• Hence, it will be extremely important to choose the country with whom India will cover this mechanism.
  • One of the challenges which will be faced because of this mechanism is the fact that at present all the export benefits are available only when the transactions are finally settled in free foreign currency. Now, if transactions are settled in Indian rupees, the export benefit like ‘duty drawback’ will not be available. For example, similar kinds of benefits have come down with export to Iran.
  • There is a need for clarification from the government of India so that the exporters could plan for taking a long-term position. Initially, it is assumed that India will start this mechanism with one or two countries or may be a limited number of transactions and soon with experience the RBI will roll it out for many other countries.
  • Ever since independence, Indian policymakers have formulated policies to maintain or preserve foreign exchange, especially in the aftermath of 1991. With India aspiring to become a $10 trillion economy by 2035 (as suggested by former RBI Governor Raghuram Rajan), it has to come out of the conservative mindset and should adopt a long-term approach in working toward making the Indian rupee a hard currency that would be used all over the world.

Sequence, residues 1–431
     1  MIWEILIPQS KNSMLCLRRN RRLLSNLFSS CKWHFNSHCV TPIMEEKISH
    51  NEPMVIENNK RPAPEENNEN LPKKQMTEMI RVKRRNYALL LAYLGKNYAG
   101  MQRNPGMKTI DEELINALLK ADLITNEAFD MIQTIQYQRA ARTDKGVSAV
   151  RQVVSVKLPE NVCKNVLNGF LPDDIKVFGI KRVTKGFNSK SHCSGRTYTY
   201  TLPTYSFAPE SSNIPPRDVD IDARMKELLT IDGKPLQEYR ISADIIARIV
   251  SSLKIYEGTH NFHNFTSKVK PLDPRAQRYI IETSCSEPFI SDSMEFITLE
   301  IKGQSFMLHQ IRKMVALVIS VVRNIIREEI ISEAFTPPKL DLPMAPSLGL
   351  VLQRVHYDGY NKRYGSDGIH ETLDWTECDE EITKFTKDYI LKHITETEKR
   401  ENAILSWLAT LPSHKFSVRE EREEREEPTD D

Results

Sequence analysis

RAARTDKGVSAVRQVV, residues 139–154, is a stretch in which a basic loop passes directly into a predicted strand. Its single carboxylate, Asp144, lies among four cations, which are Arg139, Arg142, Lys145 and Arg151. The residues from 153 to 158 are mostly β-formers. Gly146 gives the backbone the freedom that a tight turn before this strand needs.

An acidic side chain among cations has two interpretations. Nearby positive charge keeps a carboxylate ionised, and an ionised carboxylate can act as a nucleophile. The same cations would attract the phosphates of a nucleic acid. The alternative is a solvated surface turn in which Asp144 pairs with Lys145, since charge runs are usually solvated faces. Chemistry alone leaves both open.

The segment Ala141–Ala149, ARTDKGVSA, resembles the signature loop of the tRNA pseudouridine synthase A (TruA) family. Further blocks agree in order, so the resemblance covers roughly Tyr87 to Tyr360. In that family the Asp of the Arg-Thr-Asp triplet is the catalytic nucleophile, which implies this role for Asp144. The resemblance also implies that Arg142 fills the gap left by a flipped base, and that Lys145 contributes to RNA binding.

• In comparison to the Chinese Yuan, the Indian rupee is much more friendly and being a democratic country, it is more valued by the West.

What has been done to make the Indian rupee a hard currency?

  • Over the year the successive committees on such issues have offered RBI several steps required for the Indian rupee to move towards the hard currency.
  • Two major steps have been taken by RBI:
    • Earlier, with an increase in foreign exchange outflow, the RBI used to adopt the defensive mode like; the foreign earnings of importers and exporters cannot be held outside India and several restrictions on external commercial borrowing (ECB) clearances. But now, RBI is not intending to interrupt the flow of business instead, RBI is considering the fluctuations of the exchange rate as an opportunity to make the Indian rupee more interesting to the traders.